I was wondering if there would be time to fit me in this Friday before the sched flight left.  But the dentist told me the plane would wait for him.  Pacific Coastal Airlines are certainly not cheap, but they are very cognizant of rural difficulties. (They also fly rescue dogs for free, which is how Harry arrived on my doorstep.)

This morning (Friday) I found that Dr Cameron Robson does not operate from a home base.  For 14 years he has been travelling to remote first nations communities.   He comes to Anahim 4 times a year.  He is a person I shall definitely go to again.  There is nothing fancy about the room or equipment but who cares as long as the job is done properly.  We are so lucky that he comes within reach – and it was very lucky for me that he was here when I really needed him.

8 thoughts on “A Trip To The Dentist.”

  1. Hi Chris, I just was forwarded this post after all these years!!Thank you very much for your kind words. I remember that visit of yours, and wondered often how you are doing out there in the wilderness.
    The clinic has changed a bit since your last visit, it’s been upgraded, we have a few new faces and are there much more often but all the rest is the same. Come by sometime and say hello, I would love to catch up!
    Cam Robson

  2. I have a question not related to your dental dilemma. Glad you’re getting better. Question being- do you ever experience the northern lights? I’ve gone over you’re image wall which is great, but I see nothing in regards to the northern lights.

  3. That’s my one fear of ever living in the wilderness…not the wild animals, not the peacefulness, not the inacessibility or the other hardships. No, it’s the not having instant or more or less instant access to a dentist! Like you I’m a total phobic but over the years and with regular visits to the dentist I have been able to overcome it. The thought of a broken molar in the middle of nowhere fills me with absolute horror, so glad you got it sorted.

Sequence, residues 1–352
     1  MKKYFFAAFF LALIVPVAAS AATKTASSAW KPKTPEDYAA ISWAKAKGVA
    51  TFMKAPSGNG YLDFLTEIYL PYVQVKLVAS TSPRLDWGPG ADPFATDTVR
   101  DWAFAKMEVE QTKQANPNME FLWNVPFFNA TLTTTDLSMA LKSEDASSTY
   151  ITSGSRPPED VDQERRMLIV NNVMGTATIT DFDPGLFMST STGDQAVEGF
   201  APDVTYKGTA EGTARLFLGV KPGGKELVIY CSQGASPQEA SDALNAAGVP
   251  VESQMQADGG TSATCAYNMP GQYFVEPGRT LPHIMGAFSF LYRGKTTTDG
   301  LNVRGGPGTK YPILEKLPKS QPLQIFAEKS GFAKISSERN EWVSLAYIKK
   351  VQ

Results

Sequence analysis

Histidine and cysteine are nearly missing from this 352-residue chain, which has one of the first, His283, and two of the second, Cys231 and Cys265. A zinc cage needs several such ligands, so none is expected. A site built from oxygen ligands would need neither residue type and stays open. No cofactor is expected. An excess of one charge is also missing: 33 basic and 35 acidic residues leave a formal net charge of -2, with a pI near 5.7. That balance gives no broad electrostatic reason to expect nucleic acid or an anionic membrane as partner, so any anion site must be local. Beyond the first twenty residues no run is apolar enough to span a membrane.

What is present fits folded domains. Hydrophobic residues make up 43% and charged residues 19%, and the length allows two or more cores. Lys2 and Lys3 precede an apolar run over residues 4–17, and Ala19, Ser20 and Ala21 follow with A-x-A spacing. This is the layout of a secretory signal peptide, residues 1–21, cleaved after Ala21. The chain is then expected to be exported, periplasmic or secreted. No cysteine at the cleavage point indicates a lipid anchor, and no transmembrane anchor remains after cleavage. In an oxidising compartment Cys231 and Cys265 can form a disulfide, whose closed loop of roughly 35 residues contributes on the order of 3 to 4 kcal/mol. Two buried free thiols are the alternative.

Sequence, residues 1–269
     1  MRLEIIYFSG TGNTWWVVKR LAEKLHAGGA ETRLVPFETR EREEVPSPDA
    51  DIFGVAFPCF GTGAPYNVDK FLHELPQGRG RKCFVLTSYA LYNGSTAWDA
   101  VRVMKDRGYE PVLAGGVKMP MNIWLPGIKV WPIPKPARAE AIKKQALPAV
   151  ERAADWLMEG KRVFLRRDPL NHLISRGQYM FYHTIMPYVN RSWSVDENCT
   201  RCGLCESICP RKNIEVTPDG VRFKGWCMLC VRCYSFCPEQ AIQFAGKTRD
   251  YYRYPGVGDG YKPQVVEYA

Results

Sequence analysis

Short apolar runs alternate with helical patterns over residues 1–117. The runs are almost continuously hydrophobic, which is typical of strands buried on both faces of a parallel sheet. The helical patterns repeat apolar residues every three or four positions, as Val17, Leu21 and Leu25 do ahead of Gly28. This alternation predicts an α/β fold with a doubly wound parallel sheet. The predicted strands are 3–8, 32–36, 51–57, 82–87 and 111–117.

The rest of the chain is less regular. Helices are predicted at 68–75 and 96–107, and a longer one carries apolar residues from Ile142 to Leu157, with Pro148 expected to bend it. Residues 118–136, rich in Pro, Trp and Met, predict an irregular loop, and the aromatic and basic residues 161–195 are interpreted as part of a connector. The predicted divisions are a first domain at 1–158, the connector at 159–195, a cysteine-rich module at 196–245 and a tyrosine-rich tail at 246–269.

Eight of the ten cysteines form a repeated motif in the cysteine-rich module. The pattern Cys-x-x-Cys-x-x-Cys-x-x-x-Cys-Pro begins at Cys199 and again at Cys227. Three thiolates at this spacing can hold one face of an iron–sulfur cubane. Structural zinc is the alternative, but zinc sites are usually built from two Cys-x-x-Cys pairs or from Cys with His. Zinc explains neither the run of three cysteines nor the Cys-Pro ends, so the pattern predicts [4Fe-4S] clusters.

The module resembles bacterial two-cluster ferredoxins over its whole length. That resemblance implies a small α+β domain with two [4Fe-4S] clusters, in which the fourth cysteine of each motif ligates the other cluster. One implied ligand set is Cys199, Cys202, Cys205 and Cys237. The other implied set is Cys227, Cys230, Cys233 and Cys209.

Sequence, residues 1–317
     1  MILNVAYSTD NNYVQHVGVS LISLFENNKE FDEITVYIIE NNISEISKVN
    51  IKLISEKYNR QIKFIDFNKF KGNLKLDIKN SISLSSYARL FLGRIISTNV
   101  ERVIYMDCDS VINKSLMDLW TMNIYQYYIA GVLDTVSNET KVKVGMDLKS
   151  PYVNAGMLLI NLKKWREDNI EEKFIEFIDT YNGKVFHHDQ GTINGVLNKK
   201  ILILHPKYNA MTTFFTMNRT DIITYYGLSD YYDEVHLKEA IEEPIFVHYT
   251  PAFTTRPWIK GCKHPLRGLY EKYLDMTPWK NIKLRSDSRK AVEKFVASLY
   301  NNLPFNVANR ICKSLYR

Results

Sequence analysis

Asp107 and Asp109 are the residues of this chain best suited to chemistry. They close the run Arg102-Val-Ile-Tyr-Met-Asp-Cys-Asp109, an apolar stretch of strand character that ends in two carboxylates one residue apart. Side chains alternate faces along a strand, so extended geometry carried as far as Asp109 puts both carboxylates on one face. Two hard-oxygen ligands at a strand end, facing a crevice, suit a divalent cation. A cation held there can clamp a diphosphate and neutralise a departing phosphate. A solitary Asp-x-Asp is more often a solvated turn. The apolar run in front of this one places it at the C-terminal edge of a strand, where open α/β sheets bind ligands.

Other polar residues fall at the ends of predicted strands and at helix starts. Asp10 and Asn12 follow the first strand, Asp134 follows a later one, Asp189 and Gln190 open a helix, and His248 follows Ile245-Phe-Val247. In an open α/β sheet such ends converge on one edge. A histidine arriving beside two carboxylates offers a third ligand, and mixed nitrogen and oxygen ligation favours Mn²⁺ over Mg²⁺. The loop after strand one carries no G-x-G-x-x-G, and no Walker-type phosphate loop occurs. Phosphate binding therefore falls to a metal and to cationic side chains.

4. Chris you had me on pins and “needles” (that’s one of those awful dentist words) worrying that you wouldn’t be able to get to your appointment at all.
    I really don’t know how you manage to be so independent in that area of the world. What would be simple here, could be almost unmanageable there. BUT the scenery is so WONDERFUL and makes it all worth wild.

  5. What an awful mess at the beginning of your story!
    And how lucky for you that you found a dentist that could put you at ease.
    So glad to hear that it turned out well in the end. Dental issues can be so excruciating.

    I wondered if Pacific Coastal Airlines works with Pilots for Paws, a group that flies dogs (and other animals) to new homes?
    Barbara recently posted…Still LifeMy Profile